Fortunately, the trend was reversed with the nationalization of banks—and the RBI had saved the banking industry in India with keeping a pragmatic approach. All 12 old and 9 new private banks came into existence in the post-1991 period, by then, the state-owned banks had already strengthened the base of institutional credit culture and public finance. These 21 private banks are owned by individual investors and entities with a direct interest in the financial sector. Another worrying plan is letting NBFCs with minimum assets of Rs 50,000 crore and 10-years of existence to convert as full-fledged banks.

The provision of backdoor entry will increase the corporate houses’ capacity to divert the cheaper credit—and in that cycle, making the system precarious. Clearly, the US’s model is being emulated half-heartedly. The understanding should have been exactly opposite: India’s financial sector has been bank dominated unlike in the US where the NBFCs were given undue relaxations that significantly added to the factors of subprime crisis and global economic meltdown of late last decade.

Even earlier, many times, the corporate houses tempted to re-enter the banking scene from where they dethroned in the wake of banking democratisation. They didn’t succeed then as the Finance Ministry had seen such attempts undeserving and rest is the history how India successfully overcame the grave problems with the East Asian Financial Crisis in 1997-98, Y2K crisis in 2000 and Global Financial Crisis in 2008. The prudence was the ‘virtue’—and ‘ignorance’ was not blissful back then.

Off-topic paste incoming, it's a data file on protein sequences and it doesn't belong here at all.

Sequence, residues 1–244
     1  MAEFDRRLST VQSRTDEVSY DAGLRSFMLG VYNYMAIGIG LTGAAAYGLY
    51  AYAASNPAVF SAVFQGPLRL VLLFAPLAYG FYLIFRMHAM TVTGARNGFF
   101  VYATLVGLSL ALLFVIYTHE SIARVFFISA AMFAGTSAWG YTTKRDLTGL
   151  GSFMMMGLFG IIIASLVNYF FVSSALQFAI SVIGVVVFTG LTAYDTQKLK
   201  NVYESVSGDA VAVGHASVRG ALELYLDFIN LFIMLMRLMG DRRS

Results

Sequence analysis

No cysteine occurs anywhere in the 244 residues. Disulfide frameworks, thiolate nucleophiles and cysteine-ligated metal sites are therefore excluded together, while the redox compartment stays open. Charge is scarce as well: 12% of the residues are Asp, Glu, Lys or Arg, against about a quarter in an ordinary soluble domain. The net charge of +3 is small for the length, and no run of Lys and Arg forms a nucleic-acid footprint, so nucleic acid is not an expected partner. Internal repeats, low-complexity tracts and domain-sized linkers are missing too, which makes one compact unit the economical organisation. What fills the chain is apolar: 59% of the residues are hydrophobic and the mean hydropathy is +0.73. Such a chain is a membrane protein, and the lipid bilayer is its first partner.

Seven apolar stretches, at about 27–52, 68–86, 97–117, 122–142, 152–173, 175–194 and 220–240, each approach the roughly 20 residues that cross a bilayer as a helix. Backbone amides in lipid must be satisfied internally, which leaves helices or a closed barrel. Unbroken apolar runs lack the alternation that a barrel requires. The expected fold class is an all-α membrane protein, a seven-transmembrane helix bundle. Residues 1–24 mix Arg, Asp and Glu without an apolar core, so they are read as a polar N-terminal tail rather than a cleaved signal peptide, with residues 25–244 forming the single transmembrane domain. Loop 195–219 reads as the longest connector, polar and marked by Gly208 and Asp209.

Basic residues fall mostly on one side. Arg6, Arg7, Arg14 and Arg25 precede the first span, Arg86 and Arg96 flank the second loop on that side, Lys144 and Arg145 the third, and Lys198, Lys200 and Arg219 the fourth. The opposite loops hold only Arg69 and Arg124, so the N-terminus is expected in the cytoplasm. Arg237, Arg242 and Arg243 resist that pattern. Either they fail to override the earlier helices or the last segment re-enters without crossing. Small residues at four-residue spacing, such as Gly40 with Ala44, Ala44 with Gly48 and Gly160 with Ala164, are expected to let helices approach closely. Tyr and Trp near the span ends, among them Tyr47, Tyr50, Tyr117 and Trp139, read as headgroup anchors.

With RBI’s inability to uphold regulatory oversight, a grave crisis in banks and NBFCs is looming large. Especially so, with overt loot of public money by the politically connected corporate defaulters from Punjab National Bank, Yes Bank, PMC Bank, ICICI Bank, Infrastructure Leasing and Financial Services and Dewan Housing Finance Corporation Limited.

Raghuram Rajan, Former Governor and Viral Acharya, Former Deputy Governor, RBI have rightly argued that by allowing the corporate houses’ entry into the banking system could intensify the concentration of political and economic power in the hands of a few preferred business houses. In their most pertinent observations, Rajan and Acharya argue that “highly indebted and politically connected business houses will have the greatest incentive and ability to push for new banking licenses, a move that could make India more likely to succumb to authoritarian cronyism.” At some point of time, both were the insiders of the Indian financial system—and their reading of the spectre is judicious.

The government will not stop here and it is going to review the roles of PFC, NHB and HUDCO—also it has on card the plans to set up a new Development Finance Institution (DFI) for rural infra and covert IIFCL into another DFI. Anyone with a sane commitment to the public welfare will feel disturbed with this move wrongly disguised as a ‘reform’. With the RBI’s stand, the fate of banking and public finance at large is uncertain. The government is in hurry to give the corporate houses an edge over the existing players. The reasons would be best known to those who are wielding the power, people can at best ask: why such urgency? It is indeed unfortunate to witness an avoidable tragedy in making. India can do better without the draconian aims and laws!

Atul K Thakur is a Delhi-based policy analyst and columnist. Views expressed are the author’s personal.